Rather, the court held that the disclosure in the case before it — which merely recited several of the differences between a judicial and arbitral forum, with no additional explanation provided orally or in writing about these or other differences — was insufficient.  Recognizing that not all arbitration provisions are alike, the court enumerated several differences between an arbitral and judicial forum about which a client might need to be advised including the following:

1.  An arbitration resolves a dispute before a single arbitrator and not a jury of one's peers.

2.  The arbitrator's decision is final and binding with no right of appeal.

3.  Unlike court proceedings, arbitration proceedings are conducted privately and the outcome will remain confidential.

4.  Unlike court proceedings, the arbitration process offers a more limited right to discovery.

5.  The client may be responsible, in part, for the costs of the arbitration proceedings, including payments to the arbitrator.

6.  A plaintiff prevailing in a judicial forum may be entitled to punitive damages, but that right may be waived in an arbitral forum.

7.  A judicial forum generally does not permit reasonable attorney fees to be imposed against a nonprevailing client in a nonfrivolous malpractice action, whereas an arbitral forum may permit an award that imposes costs, expenses and reasonable attorney fees against the nonprevailing party.

However, the court was silent as to how an attorney is to translate that list into a compliant explanation to a client.  Practically then, attorneys should, at a minimum, explain — not merely recite — these differences to a client prior to the client agreeing to a mandatory arbitration provision.

The attorney's explanation should include, for example, that applicable arbitration procedures offer limited discovery — for instance, the JAMS procedures "limit each party to 'one deposition of an opposing [p]arty or of one individual under the control of the opposing [p]arty'" whereas judicial rules do not have a set limitation on the number of depositions available.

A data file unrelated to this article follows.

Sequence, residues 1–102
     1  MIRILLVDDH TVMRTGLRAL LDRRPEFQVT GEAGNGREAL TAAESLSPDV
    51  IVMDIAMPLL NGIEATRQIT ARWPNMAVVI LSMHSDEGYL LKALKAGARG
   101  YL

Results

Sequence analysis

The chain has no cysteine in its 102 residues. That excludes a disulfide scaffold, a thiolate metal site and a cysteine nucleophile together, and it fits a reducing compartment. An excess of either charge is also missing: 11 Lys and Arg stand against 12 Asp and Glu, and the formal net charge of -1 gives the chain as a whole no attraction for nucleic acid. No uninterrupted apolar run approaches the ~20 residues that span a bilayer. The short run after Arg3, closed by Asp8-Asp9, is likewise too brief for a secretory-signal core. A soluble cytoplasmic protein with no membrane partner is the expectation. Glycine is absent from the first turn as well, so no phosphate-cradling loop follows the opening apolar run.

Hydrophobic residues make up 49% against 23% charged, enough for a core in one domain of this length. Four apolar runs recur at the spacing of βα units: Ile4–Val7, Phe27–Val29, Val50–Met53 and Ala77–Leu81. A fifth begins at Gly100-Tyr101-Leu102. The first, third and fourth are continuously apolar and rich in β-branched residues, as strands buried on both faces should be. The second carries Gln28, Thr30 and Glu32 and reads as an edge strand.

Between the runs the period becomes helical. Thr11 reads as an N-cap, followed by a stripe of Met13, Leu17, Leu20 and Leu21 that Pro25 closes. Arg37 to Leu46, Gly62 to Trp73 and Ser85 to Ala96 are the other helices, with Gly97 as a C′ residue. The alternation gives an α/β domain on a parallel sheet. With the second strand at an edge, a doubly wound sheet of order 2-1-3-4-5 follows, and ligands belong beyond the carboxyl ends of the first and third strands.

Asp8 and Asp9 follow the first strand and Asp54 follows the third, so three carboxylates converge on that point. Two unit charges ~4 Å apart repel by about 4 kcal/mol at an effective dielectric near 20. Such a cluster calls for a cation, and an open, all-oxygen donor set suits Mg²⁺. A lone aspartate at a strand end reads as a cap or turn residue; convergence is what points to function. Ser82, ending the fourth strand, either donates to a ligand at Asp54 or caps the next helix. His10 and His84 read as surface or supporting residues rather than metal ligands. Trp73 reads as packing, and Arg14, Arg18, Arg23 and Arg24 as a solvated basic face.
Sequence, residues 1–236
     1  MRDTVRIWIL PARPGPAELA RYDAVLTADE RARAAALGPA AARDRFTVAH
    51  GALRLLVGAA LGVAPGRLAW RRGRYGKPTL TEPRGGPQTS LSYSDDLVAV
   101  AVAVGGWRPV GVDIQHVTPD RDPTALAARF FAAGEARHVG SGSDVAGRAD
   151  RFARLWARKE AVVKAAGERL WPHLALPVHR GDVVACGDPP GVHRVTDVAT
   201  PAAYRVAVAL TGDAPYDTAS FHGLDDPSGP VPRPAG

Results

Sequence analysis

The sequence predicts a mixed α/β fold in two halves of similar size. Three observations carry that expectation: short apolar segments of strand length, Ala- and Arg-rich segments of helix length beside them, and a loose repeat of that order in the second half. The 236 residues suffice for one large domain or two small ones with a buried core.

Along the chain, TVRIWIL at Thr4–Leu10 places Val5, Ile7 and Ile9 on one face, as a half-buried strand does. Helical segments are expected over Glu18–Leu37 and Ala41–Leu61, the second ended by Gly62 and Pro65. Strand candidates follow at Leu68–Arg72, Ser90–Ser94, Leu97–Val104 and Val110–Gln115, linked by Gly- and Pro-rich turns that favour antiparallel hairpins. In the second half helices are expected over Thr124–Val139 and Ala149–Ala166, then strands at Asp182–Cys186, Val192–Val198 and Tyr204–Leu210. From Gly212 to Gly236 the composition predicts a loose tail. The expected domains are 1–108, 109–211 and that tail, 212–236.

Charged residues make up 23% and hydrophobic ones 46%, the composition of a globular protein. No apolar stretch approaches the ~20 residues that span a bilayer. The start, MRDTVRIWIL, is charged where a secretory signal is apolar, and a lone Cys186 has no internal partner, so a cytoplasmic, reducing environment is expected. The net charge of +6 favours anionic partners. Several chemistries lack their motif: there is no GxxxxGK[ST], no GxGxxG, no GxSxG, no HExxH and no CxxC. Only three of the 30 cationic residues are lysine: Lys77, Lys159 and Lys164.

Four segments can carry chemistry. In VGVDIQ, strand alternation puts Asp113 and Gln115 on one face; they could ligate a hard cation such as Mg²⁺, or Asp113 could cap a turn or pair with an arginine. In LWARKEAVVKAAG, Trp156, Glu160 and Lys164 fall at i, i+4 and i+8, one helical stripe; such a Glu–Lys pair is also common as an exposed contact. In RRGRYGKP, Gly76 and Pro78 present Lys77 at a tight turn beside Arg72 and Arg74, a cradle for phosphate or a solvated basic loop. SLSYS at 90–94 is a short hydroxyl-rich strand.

The attorney should also explain that, unlike a court proceeding where neither party pays for a judge's time, parties in arbitration often split the cost of the arbitrator's hourly rate, which can be costly.  And, at least in New Jersey, an attorney must provide a hard copy of the rules governing the arbitration — but note that neither D.C. Ethics Opinion 376 nor ABA Formal Opinion 02-425 imposes that requirement.  And, perhaps most importantly, an attorney must understand the relative benefits and disadvantages of arbitration so as to answer any client questions.

Conclusion

While agreements to arbitrate attorney-client disputes are routinely permitted, attorneys' ability to enforce such agreements will turn on the client's ultimate understanding of the implications of agreeing to arbitration.  Attorneys should, as always, consult the ABA Model Rules of Professional Conduct and related guidance in their jurisdiction — and when in doubt, should err on the side of explaining, both orally and in writing, the benefits and disadvantages of an arbitral forum.

Hilary Gerzhoy is an associate, and Deepika Ravi and Amy Richardson are partners, at Harris Wiltshire & Grannis LLP.

Second Circuit: No Second Shot for Milberg in $12M Fee Dispute

February 9, 2021

A recent Law 360 story by Justin Wise, “2nd Circ. Says No 2nd Shot For Milberg in $12M Fee Dispute”, reports that the Second Circuit upheld a lower court's dismissal of Milberg Coleman Bryson Phillips Grossman PLLC predecessor Milberg LLP's pursuit of nearly $12 million in contingency fees from former clients, saying its petition failed to comply with a timing provision of federal arbitration law.  The decision came down in a long-running dispute between Milberg LLP, which has since merged with multiple firms, and clients it represented in Germany and Luxembourg in their suit for recovery on defaulted Argentine bonds.